Weekly Roundup: Record Breaking November Auctions


Record breaking sales of postwar and contemporary art took New York auction houses by storm this past week. In case you missed it, here’s what made the made headlines:

Collectors buy $2.3 billion of art in two weeks in N.Y
Collectors have snapped up a record $2.3 billion of art as two weeks of frenzied auctions wrap up in New York. The tally surpasses the $2.2. billion at New York’s auctions in May, which was 22 percent higher than last November, when $1.8 billion of art was sold. The estimate total reflects day and evening sales of Impressionist, modern, postwar and contemporary art at Sotheby’s, Christie’s and Phillips that began November 4th. Sales concluded on November 13th. [Bloomberg Businessweek}

Christie’s makes auction history with contemporary art sale
In all, Christie’s postwar and contemporary art sale pulled in a total of $852.9 million—way above the estimate, which was in the region of $600 million. A total of 15 artist records were set, including that of Cy Twombly, Martin Kippenberg, and Ed Ruscha. Of 80 lots offered (two were withdrawn), 75 (or 94 percent) were sold. By value the auction realized 97 percent. As expected, the stars of the evening were Warhol’s silkscreen portraits of entertainment icons Elvis Presley and Marlon Brando. Together, they accounted for $151.5 million of the sale’s total. Each was estimated to sell for under $70 million. Other top sellers included a work by Roy Lichtenstein. The first up, Reflections on the Prom (1990), an oil and Magna on canvas, which sold for $21.4 million (its estimate was about 15 million). [artnet news]

Sotheby’s $343 million sale led by Jasper Johns’s ‘Flag’
The sale of Mark Rothko, Andy Warhol, and Jasper Johns artworks long held in private collections helped Sotheby’s tally $343.6 million of postwar and contemporary art on Tuesday evening. The auction house was unable to surpsass its record set November 4th, when $422 million of Impressionist and modern art was sold. The total beat its $323.6 million low estimate but failed to reach its upper level of $419 million. The top lot of the night was No. 21 (Red, Brown, Black, and Orange)m an almost 8-foot-tall 1951 painting by Rothko that had previously never come to auction. The biggest disappointment of the evening was Moon (Yellow) by Jeff Koons, which was guaranteed, and failed to sell. The stainless-steel sculpture, which was owned by Damien Hirst, was estimated at $12 to $18 million. [Bloomberg News]

Patek Philippe gold watch sells for record $24.4 million
The most “complicated” handmade watch in the world has been sold at auction for a historic $24.4 million. The Henry Graves Supercomplication timepiece, made by the luxury watchmaker Patek Philippe in 1933 for the prominent banker Henry Graves, was sold at Sotheby’s in Switzerland. The sale smashed the world record for the most expensive watch ever sold at auction, which was previously held by the same watch. In 1999, it was sold to Sheikh Saud Bin Mohammed Ali Al-Thani of the Qatari royal family, for $11 million. The Supercomplication is comprised of 900 individual parts, and, according to Sotheby’s, is the most advanced timepiece ever made without the assistance of computers. It was last wound in 1969, yet remains in perfect working order. The watch took Patek Philippe eight years to produce, from its commission in 1925 to delivery in 1933. The identity of the new buyer is unknown. [CNN]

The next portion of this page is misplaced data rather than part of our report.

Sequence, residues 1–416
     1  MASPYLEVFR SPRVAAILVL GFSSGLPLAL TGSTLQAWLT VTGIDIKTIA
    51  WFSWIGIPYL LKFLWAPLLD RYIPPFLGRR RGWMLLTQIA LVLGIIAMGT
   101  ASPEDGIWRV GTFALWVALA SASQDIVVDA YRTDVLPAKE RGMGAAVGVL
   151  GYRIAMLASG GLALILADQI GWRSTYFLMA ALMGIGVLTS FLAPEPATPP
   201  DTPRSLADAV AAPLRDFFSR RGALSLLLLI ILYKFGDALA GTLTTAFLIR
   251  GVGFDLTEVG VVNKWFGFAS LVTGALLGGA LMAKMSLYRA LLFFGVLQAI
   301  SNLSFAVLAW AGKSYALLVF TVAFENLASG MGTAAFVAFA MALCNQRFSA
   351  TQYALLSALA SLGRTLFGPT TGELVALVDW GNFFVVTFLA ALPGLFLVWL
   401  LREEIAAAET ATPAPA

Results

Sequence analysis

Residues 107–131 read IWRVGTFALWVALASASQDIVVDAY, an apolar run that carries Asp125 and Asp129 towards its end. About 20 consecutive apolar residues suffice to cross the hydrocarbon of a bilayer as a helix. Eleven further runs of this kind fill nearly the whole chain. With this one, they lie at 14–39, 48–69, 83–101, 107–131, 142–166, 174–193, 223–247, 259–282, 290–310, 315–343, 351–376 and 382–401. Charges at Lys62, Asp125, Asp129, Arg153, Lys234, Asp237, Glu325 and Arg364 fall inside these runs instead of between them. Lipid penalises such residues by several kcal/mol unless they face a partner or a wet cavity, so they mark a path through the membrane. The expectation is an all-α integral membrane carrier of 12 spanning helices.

An anemic auction yields just $52 million at Phillips
Compared with auction giants Sotheby’s and Christie’s, Thursday’s Phillips Contemporary Evening Sale was an anemic affair, totaling just $52 million—less than the price of one prized painting at Sotheby’s or Christie’s. Still the overall sale was more than its low estimate of $45.7 million (and well under the high estimate of $67.7 million). Of the works up for grabs, eight did not find a buyer. The pricest painting—Hour, a stark white canvas that Robert Ryman made in 2001—sold for $4.5 million, or $5.2 million with fees, to a lone bidder, who presumably was the person who had given Phillips a guarantee, an undisclosed sum regardless of the sale. Frank Stella‘s Concentric Square A 1966 painting, sold to a telephone bidder for nearly $4 million, way above its $1.8 million estimate. [New York Times]

Ruby sets record price at Sotheby’s auction
London luxury jeweler Laurence Graff has paid a record $8.6 million for a Burmese ruby, the top lot at Sotheby’s jewelry auction marked by strong prices for fine diamonds and rare colored stones. Graff, known as the ‘King of Diamonds’, was buying the ruby of 8.62 carats for the second time, having acquired it first at an auction eight years ago. He had named the ‘pigeon-blood’, or pure red with a hint of blue, gemstone the ‘Graff Ruby’ at the time. In between he sold it to Greek financier Dimitri Mavromattis, whose collection of 16 jewels was a part of Sotheby’s semi-annual sale in Geneva on Wednesday night. In all, 403 gems netted a total of $95 million. [Reuters]

Image: Andy Warhol, “Triple Elvis (Ferus Type), 1963